Sunday, April 19, 2009

The Killing

Film: The Killing (1956)
Dir: Stanley Kubrick
Rating: ****1/2 out of 5 stars

I have no excuse for why it took me so long to see this film, being a Kubrick lover and a big fan of Sterling Hayden. I'm just glad I finally got around to it because this is one great movie. Among heist films, you always hear about stuff like Heat or Oceans 13, but this is definitely one of the best heist movies out there.

Hayden plays Johnny Clay, a former convict looking to settle down and make an honest living with his girlfriend - after one final score. He gathers a small group of trusted men who conspire to rob the local racetrack for $2,000,000. One of the fellas - a racetrack teller - makes a fateful mistake when he tells his greedy wife about the plan, setting in motion a series of unfortunate consequences.

I love stories about greed and the inevitable tragedy that follows it. Sam Raimi's A Simple Plan came to mind as I watched this because both have downtrodden characters who think they have stumbled upon easy money, but they ultimately pay the price. These types of stories are always fascinating studies on human nature, and The Killing is no exception.

As always, Kubrick has pulled together an amazing cast of character actors. Hayden is the tough ringleader of the group, but he is pulling this heist because he wants to start anew with his girlfriend Fay, and though he is terrified of going back to prison, it is worth the risk to him. Fay is also an interesting character because she supports him 100% and guides him when the scheme begins to crumble. She is also the antithesis of the track teller's wife, Sherry, who is a shrewd, manipulative bitch and almost single-handedly ruins everything. In the role, Marie Windsor is fantastic. Such an aggressive, fast-talking female is always refreshing in these old movies.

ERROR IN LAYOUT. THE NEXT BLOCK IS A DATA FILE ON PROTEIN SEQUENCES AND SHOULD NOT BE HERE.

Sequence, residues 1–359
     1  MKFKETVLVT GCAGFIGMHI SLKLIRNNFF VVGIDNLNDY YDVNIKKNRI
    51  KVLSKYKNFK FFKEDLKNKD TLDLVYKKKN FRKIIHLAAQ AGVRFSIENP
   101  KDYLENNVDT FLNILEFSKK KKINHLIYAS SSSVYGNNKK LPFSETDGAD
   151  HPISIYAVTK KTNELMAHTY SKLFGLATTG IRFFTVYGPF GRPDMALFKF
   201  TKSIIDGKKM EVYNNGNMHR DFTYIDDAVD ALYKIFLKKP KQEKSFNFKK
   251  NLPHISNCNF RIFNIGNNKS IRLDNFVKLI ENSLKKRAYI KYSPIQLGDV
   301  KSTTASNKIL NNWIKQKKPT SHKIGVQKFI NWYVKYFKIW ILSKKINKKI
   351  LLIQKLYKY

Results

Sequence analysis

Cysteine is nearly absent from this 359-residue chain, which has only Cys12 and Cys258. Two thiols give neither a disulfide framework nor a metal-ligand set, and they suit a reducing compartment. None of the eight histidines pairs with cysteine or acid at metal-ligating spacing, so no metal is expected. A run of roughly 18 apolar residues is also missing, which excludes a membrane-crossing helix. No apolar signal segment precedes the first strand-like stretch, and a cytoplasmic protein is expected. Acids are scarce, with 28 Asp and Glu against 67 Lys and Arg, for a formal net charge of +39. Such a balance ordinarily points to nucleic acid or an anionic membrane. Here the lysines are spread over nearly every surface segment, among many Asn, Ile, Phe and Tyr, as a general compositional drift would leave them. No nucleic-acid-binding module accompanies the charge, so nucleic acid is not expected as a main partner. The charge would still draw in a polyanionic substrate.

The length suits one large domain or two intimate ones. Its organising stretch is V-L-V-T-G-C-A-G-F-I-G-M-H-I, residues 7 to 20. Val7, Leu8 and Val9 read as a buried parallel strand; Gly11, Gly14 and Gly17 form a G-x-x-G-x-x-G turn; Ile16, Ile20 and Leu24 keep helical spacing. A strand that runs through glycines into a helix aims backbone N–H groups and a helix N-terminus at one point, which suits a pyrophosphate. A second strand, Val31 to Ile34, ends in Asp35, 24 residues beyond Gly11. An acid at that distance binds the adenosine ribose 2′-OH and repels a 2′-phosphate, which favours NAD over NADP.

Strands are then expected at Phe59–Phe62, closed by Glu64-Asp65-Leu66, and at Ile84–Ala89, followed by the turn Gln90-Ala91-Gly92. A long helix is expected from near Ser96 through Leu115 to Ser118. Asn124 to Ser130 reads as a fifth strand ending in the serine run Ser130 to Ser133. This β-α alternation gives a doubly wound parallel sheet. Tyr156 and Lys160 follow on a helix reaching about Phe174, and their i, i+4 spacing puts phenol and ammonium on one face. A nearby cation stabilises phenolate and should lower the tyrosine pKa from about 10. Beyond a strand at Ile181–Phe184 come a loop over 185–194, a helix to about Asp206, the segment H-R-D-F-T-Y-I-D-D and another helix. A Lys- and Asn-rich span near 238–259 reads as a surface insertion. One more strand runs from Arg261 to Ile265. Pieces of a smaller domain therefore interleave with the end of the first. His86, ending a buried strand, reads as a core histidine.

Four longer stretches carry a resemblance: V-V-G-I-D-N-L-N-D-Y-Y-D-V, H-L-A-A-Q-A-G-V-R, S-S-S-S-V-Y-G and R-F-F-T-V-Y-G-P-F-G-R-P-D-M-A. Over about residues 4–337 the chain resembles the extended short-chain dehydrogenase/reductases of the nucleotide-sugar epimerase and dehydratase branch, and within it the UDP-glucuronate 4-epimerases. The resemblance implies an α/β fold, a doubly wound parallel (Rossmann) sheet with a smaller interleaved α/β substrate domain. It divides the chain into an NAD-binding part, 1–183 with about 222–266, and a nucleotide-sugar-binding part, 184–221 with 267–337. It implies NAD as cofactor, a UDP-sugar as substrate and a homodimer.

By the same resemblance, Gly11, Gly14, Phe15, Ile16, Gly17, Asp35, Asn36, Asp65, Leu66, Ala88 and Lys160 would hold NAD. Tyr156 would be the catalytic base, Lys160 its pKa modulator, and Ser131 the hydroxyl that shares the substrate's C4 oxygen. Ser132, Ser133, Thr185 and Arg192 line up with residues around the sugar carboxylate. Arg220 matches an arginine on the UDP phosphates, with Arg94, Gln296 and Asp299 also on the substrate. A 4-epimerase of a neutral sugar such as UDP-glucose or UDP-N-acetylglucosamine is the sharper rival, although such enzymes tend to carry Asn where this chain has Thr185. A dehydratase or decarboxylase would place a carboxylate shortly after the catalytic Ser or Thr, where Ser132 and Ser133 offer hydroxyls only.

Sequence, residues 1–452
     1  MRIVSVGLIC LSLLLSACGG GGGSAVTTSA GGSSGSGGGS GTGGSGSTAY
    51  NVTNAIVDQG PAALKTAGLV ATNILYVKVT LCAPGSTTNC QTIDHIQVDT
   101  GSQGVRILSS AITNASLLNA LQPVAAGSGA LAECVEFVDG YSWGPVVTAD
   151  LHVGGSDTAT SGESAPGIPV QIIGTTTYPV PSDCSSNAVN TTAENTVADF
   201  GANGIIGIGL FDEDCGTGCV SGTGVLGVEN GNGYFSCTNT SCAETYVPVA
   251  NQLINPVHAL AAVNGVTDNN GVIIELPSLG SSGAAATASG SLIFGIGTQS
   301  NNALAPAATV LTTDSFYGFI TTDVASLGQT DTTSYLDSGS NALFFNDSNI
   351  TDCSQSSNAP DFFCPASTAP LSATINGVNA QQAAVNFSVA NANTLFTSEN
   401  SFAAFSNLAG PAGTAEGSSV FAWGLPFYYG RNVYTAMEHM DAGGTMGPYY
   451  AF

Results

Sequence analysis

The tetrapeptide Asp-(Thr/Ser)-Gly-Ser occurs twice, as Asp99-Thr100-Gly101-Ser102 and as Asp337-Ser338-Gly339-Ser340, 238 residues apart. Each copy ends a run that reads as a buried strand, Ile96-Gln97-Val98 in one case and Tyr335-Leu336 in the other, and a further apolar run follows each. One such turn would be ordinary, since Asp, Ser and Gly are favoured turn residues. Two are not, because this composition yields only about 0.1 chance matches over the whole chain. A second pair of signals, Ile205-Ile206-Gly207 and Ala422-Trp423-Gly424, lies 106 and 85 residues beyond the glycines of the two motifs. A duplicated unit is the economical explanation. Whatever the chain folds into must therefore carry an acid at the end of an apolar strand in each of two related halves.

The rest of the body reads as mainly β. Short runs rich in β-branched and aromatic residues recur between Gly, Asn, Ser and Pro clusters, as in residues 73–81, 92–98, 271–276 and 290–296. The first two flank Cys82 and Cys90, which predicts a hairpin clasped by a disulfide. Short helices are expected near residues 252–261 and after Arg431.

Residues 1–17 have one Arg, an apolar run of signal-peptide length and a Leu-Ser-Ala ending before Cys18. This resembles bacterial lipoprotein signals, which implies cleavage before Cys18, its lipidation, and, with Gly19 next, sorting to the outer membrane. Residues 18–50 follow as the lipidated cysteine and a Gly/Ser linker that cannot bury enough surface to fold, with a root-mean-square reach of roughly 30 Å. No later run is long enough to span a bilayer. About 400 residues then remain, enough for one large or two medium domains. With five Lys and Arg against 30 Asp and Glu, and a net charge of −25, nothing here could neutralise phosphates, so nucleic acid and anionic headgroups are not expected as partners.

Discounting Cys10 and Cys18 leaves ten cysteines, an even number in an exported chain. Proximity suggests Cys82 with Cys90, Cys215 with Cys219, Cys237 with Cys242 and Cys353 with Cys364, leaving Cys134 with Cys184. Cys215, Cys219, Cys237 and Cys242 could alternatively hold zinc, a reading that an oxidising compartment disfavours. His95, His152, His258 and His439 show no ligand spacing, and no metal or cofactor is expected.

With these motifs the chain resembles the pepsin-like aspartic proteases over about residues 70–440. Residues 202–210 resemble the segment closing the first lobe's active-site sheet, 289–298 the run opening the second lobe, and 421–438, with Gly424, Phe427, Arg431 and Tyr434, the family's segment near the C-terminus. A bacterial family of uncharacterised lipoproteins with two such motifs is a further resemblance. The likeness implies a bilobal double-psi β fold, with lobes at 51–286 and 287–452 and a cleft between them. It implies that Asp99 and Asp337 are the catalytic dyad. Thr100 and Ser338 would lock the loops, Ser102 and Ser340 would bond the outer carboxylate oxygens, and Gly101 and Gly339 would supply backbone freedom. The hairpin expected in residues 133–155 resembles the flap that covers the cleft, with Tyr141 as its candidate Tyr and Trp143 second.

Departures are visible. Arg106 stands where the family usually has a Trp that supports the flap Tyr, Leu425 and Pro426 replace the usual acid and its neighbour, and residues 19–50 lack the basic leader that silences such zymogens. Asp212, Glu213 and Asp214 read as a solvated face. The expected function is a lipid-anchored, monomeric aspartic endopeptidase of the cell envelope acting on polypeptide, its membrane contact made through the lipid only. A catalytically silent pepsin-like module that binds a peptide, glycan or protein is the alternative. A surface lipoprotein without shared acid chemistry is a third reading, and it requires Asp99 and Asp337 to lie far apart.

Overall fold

Portraying Sherry's mousey husband George is Elisha Cook, who has playing noir characters down to an art (i.e., The Maltese Falcon). Like Johnny Clay, George just wants to start a new life with his wife, but he is blind to the fact that she despises him and is only using him. One more actor I must mention is Timothy Carey, who plays a sharpshooter hired to kill a racehorse. This eccentric actor reminds me of John Turturro in the best way possible and I cannot wait to see him in more films.

As I said earlier, this is a pretty great heist film. The scheme is complex and smart, and as it is playing out, it is very suspenseful. If you enjoy heist movies, do not dismiss this one based on its age. It will surely surprise you. Needless to say, Kubrick's directing style is perfect. The cinematography is beautiful. The film is told in a non-linear fashion, utilizing flashbacks pretty often. A narrator is used to keep the viewer posted on where and when we are. While I'm not sure the narrator was necessary, I did not mind his presence - and I usually hate narrators.

The Killing has taken 3rd place among my favorite Kubrick films, but that is no easy task. Honestly, nothing is ever gonna top Dr. Strangelove and A Clockwork Orange for me, but this one was better than I even expected. I can always count on Stanley to fascinate me.